The Rule of Law: A Comparative Perspective—Festschrift for Anton MJ COORAY on the Occasion of his Sixty-fifth Birthday
At the end of June 2013, Professor Anton MJ COORAY retired from his position at the City University of Hong Kong School of Law after almost twenty-five years of loyal and productive service. During that time, he made a very substantial contribution to the success of the School, as well as to the study and practice of law both within and outside of Hong Kong.
This Festschrift has attracted contributions from not only his colleagues, but also a number of world-renowned scholars, who wished to convey through their contributions their enormous respect for his scholarship, leadership and gentlemanly bearing. 'The Rule of Law: a Comparative Perspective' has been chosen the theme of this Festschrift because it is one of the most important topics in the area of constitutional and administrative law, about which Professor COORAY has researched and written extensively.
Although the study of the 'rule of law' encompassed a very long list of fundamental legal principles or precepts, the thirteen chapters contained in this Festschrift fall into three main spheres: the rule of law from the perspectives of (1) international law, (2) domestic law and (3) law and religion. The excellent and original scholarship presented in this Festschrift contributes to the promotion of a better understanding of the concept of rule of law and its implications, including how the rule of law has interacted and continues to interact with international laws, domestic laws, and religions over time to meet the changing needs and aspirations of human dignity worldwide.
Whatever specialisations or interests we have in the very many facets of the law, it is the rule of law that binds all legal disciplines into a rational whole. For it has always been the law’s justification, its only justification, to serve the community in which it exists. This has been the effect of all that the great lawyers, philosophers and legal systems have tried to communicate to us. From Hammurabi to the common law through the Napoleonic Code, from Plato to Ronald DWORKIN, from John MARSHALL to Lord REID, the list is a long and impressive one. The depth of learning displayed in the present volume should be closely appreciated by student and lawyer alike, not least for the comparative presentations into this core concept involving as they do trans-national and trans-cultural approaches.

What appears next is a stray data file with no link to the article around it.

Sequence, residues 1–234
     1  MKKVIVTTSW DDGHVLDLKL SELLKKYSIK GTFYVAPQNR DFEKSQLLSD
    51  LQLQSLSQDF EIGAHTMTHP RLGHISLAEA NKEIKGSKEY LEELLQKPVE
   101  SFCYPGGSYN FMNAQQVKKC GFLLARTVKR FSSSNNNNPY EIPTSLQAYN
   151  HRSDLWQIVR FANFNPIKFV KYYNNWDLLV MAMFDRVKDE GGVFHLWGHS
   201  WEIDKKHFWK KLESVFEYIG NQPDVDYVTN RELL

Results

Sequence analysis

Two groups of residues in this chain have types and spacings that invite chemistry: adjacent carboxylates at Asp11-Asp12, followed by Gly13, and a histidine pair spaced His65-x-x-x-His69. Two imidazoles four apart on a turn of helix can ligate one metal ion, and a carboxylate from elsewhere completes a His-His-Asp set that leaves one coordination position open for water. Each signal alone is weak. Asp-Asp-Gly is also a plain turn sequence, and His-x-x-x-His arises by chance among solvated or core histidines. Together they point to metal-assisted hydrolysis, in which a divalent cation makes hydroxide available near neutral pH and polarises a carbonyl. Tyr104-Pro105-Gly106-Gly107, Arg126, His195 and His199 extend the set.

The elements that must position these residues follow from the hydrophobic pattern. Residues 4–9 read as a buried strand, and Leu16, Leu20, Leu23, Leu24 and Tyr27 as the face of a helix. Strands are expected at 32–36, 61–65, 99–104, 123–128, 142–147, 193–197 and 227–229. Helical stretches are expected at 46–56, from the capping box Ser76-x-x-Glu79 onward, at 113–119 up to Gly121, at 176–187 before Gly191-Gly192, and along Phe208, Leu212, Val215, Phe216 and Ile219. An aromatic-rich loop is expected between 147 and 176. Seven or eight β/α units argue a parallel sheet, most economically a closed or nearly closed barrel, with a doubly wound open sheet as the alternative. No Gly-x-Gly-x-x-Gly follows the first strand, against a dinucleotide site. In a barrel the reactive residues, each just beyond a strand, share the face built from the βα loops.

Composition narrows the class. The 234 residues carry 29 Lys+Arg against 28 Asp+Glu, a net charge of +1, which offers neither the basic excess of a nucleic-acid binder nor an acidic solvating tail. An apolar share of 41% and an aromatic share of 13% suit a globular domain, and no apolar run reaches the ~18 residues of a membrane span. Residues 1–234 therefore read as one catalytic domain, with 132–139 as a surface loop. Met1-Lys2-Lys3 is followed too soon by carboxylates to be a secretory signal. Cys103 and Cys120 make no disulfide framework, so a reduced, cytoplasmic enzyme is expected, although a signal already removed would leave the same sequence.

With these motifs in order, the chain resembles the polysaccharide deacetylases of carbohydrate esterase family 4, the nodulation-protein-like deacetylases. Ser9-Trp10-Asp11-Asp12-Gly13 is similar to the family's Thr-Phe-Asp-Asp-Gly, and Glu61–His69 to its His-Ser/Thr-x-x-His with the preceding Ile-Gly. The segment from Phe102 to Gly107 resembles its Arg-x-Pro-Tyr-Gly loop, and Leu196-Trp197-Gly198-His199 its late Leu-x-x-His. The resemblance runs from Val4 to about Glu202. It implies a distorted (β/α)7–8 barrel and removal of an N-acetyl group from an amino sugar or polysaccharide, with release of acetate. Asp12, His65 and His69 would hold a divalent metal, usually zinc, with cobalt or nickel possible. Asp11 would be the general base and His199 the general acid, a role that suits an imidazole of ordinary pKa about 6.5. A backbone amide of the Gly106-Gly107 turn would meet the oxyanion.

Though each system of law may have different approaches, the theme of the rule of law is the same. The public interest in any community lies in the recognition that there are principles and rights that are fundamental to the existence of a decent and fair society. And that these rights and principles are to be observed by everyone and every entity. Enforcement by the courts (the concept of the independence of the judiciary) is naturally an important aspect but there must also be recognition of the rule of law, both in spirit as well as in content, by governments and legislatures.
Anton COORAY has long recognised and advocated what I have tried to articulate in this short Foreword. He fully understands the rule of law and respects the dignity of it. And in my view, that makes him the complete lawyer.
Chief Justice’s Chambers
29 August 2013
—Guiguo WANG and Fan YANG
- The Rule of Law Sans Frontières: Cross-Border Aspects of the Principle of Legality
- The Rule of Law in India: The Chasm between Paper and Practice
- The Decalogue and Sri Lankan Criminal Law: Definition of Offences as a Prerequisite for the Rule of Law
—Noel DIAS and Roger GAMBLE
- The Rule of Law and the WTO: The Hope and Disappointment of WTO’s Decision Making
- In the Name of Harmony: The Erasure of Domestic Violence in China’s Judicial Mediation
—Xin HE and Kwai Hang NG
- The Islamisation Phenomenon and the Rule of Law in Malaysia
—Hong Phun LEE
- Rule of Law under the Communist Party of China: A Study of Local People’s Congress Elections
- Rule of Law: A Tort Law Perspective
—Fozia Nazir LONE
- The Rule of Law in Austria: The Constitutional Framework for Austrian Civil Procedure
- Rule of Law and Religious Faith and Beliefs: Dilemma for Indian Courts
- Legislative Reversals of Judicial Decisions
- Implementation and Application of the 1980 Hague Abduction Convention
- The Rotterdam Rules and the International Rule of Law